Catalogs also go to great pains to convince you that the gifts
they offer are special, that they've scoured the galaxy for the
cotton in a shirt or blouse. As a side effect of the effort to
achieve specialness, the more glossy catalogs actually belong
in the history of art in this century. A photograph of a comb
becomes no longer just a comb; the object has been arranged in
a milieu and photographed so that there's something about it that
is special. It becomes, in a sense, a found object. Whenever you
open a catalog, you're looking at a collection of found objects--not
things that have been dumped onto the pages, but each carefully
designed as part of a larger whole.
pleasures of the catalog are many. Not only do they create a sense
of control--a sense that they've ordered the world of things--but
in a world where many of us feel overwhelmed by merchandise, there's
also pleasure in throwing a catalog away. Throwing away a catalog
can remind you that you have sovereignty. You're not simply a
cog in the unbelievable machinery of moving products around. And
given the number of catalogs most of us receive, it's a pleasure
that can be indulged several times a week.
If we move out of the world of catalogs, we find the same need
to find unique gifts in a world where everyone else has the same
object. To attract potential buyers and givers, stores need to
tell a story, to arrange something in an appealing way, to persuade
us that their things are special. Even discount stores like Filene's
Basement want to convince you that you are a special person who's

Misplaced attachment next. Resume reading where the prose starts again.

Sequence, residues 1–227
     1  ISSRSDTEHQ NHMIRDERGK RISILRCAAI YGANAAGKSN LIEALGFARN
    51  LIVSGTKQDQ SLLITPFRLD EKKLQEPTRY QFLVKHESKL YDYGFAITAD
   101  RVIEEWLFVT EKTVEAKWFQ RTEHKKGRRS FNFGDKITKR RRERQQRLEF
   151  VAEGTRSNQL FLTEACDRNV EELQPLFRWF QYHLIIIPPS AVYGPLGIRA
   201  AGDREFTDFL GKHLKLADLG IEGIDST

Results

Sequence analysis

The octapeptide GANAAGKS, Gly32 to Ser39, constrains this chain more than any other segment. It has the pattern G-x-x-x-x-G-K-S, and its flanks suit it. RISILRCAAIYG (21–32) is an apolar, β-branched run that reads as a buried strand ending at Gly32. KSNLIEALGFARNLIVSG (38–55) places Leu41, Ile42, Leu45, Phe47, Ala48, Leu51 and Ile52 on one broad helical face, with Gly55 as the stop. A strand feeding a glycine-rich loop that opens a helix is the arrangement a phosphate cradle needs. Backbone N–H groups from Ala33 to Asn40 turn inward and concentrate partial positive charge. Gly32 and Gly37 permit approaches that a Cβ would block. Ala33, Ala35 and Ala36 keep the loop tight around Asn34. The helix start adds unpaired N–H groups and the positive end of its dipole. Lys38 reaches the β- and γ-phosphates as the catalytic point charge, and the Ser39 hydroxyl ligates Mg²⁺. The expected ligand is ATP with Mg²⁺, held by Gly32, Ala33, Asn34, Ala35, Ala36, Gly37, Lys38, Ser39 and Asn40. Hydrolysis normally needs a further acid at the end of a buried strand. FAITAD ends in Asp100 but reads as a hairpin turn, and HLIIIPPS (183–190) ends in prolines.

going to get this special thing to give to another special person.
many occasions are now termed "special" and are potentially grist
for merchandising, that it's tough to get the message, the gesture,
right for each particular occasion. What do you know about the
receiver? What kind of connection are you trying to make? And
what fuels Hallmark, with its card for every imaginable "special"
occasion, other than our own inability to think through what we
want to say to special people at special times?
people in traditional societies gave other people gifts, they
generally gave things with which they were personally involved--things
they grew, things they made, things they owned, things with which
they had intimate contact. Today, it is fairly rare to see gifts
and gift giving tied up with personal effort and time, and yet
it remains impossible to draw a sharp line between the gifts themselves
and those who do the giving and the receiving.
a classic book on gift giving--The Gift: Forms and Functions
of Exchange in Archaic Societies (1924)--the great French
scholar Marcel Mauss looked at the giving of gifts both in large,
ancient societies and small-scale societies throughout the world,
examining all sorts of literature as well as prescriptions for
gift giving. The result was a startlingly elegant analysis, a
book that became a pillar of anthropology.
societies built around kinship and family, Mauss declared, gifts
are the glue that holds things together. Gifts link the givers
with others, whether it be another person, clan, or tribe. By
allowing the givers to show who they are--not just as individuals
but also as groups--gifts have to do with value, place, rank, and
distinction. Thus, gifts can be competitive, as in the case of
the potlatch, the tribal form of gift giving once common among
the natives of America's northwest coast: If I give 200 blankets,
you top it by giving 300 blankets. Even now, the potlatch is used
as a metaphor whenever people give a gift as an outward, public
sign of their generosity.